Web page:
After the beheading of two Japanese nationals Muslims in Japan do their well rehearsed song and dance routine, which never seems to sicken horrified infidels enough to cause that dreaded “backlash”.
Again, the coreligionists of the headchoppers circle the wagons and present themselves as victims.
CAIRO – Fear and anticipation of hate attacks have been the main feelings Japanese Muslims shared after the beheading of the second hostage by the so-called Islamic State (ISIL), expecting a backlash after the rise of anti-Muslim sentiments.
“This type of action by ISIL [Islamic State] is not a Muslim action. We don’t know who they are, what they are planning and what they are thinking,” Saeed Mughal, a representative of Islamic Circle of Japan, a group overseeing five mosques in and around Tokyo, told Wall Street Journal.
“We condemn their action and we stand with our Japanese brothers.”
|War on ISIL…Redrawing the Map? (Indepth)ISIL Enemy No 1 of Islam: Saudi Grand Mufti|
Japan woke up on Sunday to the news of ISIL beheading of Japanese journalist Kenji Goto. An earlier video showed another hostage, Haruna Yukawa, meeting a similar fate.
The beheading culminated a two-week hostage drama that disturbed Japan and prompted debate about Prime Minister Shinzo Abe’s security policy.
Moreover, it sparked hostile comments against Islam and Muslims on social media since the release of the first hostages’ video on January 20.
A right-wing group organized a rally in Tokyo last Thursday to protest against the government’s policy of relaxing immigration rules.
“If we invite workers from Muslim nations in the future, given their doctrine, we may see a clash more tragic than what they are experiencing in Europe,” a group affiliated with Zaitokukai, a high-profile national organization, said on its website.
Islam began in Japan in the 1920s through the immigration of a few hundreds of Turkish Muslims from Russia following the Russian revolution.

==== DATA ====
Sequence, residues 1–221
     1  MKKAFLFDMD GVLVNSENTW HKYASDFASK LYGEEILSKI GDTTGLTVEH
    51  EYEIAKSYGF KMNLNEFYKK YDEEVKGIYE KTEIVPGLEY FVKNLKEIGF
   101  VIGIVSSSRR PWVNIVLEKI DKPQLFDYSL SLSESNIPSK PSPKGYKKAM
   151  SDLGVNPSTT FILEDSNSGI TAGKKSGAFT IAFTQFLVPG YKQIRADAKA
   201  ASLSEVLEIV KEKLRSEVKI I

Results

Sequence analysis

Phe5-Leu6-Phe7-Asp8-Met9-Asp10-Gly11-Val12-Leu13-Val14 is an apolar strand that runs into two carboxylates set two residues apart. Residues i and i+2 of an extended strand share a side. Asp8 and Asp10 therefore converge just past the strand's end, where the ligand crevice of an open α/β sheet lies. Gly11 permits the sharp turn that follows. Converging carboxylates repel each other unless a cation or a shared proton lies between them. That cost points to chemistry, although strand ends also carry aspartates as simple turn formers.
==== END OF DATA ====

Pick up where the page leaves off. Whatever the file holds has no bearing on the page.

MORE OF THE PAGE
In 1930, the number of Muslims in Japan reached about 1000 of different origins.
Another wave of migrants who boosted the Muslim population reached its peak in the 1980s, along with migrant workers from Iran, Pakistan and Bangladesh.
Japan today is home to a thriving Muslim community of about 120,000, among nearly 127 million in the world’s tenth most populated country.
Japanese Muslims warned that the latest attacks reinforced anti-Muslim stereotyping in the community.
“The latest hostage-taking has probably reinforced the stereotype that Muslims are violent and aggressive people,” said Shigeru Shimoyama, a Japanese Muslim who serves as a spokesman for Tokyo Camii, Japan’s largest mosque in central Tokyo.
Its membership has more than doubled over the past decade.
In a bid to ease tensions and clear Islam from ISIL crimes, representatives of mosques from across Japan gathered in Tokyo Sunday to discuss their response to the hostage crisis.
After the meeting, they issued a statement asking media not to call the terrorist group Islamic State (“Isuramu-koku” in Japanese), saying the word Islam in the name “breeds misunderstanding of peaceful Islam and serious prejudice against many Muslims who live in Japan.”
Expecting anti-Muslim backlash, police departments nationwide have been ordered to stay on high alert for possible harassment and attacks against Muslims and their religious facilities.
Despite of the huge growth of the Muslim community in Japan, some Muslims were still facing chilliness from some Japanese.
“They are trying to keep distance from us when we use headscarves,” Fatmawati Djafri, an Indonesian student at Waseda University, said.